Among those who have always stuck up for Klee is Bridget Riley, co-curator of the Hayward show with the German art historian Robert Kudielka. It is her contention that, first and foremost, Klee is a great abstract painter, and that is the way he is presented here. The arrangement is loosely chronological, in that it starts off with Klee's visit to Tunisia which suddenly turned him into a major artist at the age of 35 (his earlier figure drawings, grotesque somewhat in the manner of Mervn Peake, are not included). And it ends with his late work, done before his relatively early death in 1940. But in between the arrange ment is largely thematic, divided into works employing, among other devices, grids, lines, stripes and dots.
What Klee felt he had understood in Tunisia was colour — North African light has opened the eyes of many artists, from Delacroix on. But he also discovered ways to use geometric structure. The tiny, beautiful watercolour, 'Abstraction of a Motif from Hammamer from 1914, foreshadows several typical Klee strategies. It's made up of irregular squares, some divided into two by diagonals. A couple of these are filled by pointillist dots — a Klee favourite for many years. So far, so abstract. But the whole thing slips towards landscape without really depicting anything. The diagonals suggest roofs, the dots. vegetation.
Klee's celebrated definition of drawing, 'taking a line for a walks, could sound annoyingly playful (playfulness, like charm and humour, being a quality that can easily turn tiresome). Another way of looking at Klee's work is as a quarter of a century of free-floating investigation into different arrangements of line, colour and texture. He let his imagination loose on the geometry — which is why he was revered by the Surrealists.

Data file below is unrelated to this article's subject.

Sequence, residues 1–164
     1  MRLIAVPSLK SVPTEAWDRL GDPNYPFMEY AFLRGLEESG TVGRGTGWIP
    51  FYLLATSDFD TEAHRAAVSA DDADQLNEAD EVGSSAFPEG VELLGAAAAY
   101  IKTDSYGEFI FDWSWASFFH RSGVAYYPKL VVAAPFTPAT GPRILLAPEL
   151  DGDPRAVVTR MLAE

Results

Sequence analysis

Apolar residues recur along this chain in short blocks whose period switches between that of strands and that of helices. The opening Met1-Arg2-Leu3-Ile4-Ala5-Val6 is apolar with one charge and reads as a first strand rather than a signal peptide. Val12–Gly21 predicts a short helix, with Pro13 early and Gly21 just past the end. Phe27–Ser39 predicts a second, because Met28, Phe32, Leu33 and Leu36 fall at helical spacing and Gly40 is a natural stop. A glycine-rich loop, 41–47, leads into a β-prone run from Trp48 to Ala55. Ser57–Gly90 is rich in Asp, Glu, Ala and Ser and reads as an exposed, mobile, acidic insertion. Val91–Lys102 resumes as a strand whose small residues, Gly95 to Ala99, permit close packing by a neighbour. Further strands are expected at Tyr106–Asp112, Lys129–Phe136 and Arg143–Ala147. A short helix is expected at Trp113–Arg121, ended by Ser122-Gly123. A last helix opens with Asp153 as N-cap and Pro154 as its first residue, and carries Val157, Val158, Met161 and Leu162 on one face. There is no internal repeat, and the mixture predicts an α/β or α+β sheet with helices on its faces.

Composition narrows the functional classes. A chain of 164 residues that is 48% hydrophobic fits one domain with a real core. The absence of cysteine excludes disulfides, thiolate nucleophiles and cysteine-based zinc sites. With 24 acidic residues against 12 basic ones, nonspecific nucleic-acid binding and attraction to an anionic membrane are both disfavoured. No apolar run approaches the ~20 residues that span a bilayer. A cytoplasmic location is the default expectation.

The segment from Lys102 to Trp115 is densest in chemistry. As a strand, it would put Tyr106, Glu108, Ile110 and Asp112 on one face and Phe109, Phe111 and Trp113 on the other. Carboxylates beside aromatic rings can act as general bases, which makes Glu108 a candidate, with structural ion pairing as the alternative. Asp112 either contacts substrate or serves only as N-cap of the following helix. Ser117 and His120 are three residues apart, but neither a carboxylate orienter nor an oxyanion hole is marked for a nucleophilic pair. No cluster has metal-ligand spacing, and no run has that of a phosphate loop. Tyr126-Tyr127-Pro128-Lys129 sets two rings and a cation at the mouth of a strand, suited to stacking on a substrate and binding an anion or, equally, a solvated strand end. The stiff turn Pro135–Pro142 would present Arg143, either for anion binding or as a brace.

If a set of lines put him in mind of a face, or a fisherman, or a garden, he let it, and helped it on a bit. The result is a body of work of great fecundity — too much, perhaps, for Klee's reputation — although the exhibition makes out a good case for him. The fact of the matter, to judge from this admirably selected and arranged show, is that Klee's work has aged patchily. Roughly speaking, the more figurative it is — especially when it contains human and animal images — the less successful it is. There are quite a few works on show whose modernist whimsy sets the teeth on edge — 'Old Man Reckoning', for example, looks like a member of the Addams Family against an abstract background. The main exceptions to that rule are the stark stick creatures of his last few years, the late Thirties that is, who already have the bleak look of work done in the aftermath of the war.
But the abstract landscapes — the cities, and forests and gardens — are far more successful, and often very beautiful. The dots 'Crosses and Columns' (1931) flicker like shoals of tropical fish: 'Castle to be Built in the Woods' (1926) creates a world out of white parallel lines on a dark background, an effect quite like Frank Stella's paintings of 30 years later.
Indeed, the ramshackle, provisional look of even the most geometrical Klee anticipates much more recent art than that. It resembles, for example, the work of some young abstract painters seen recently in the Saatchi Gallery. So perhaps the day is returning when Klee shall be seen as a major forerunner of contemporary art, and not just a jocular oddity.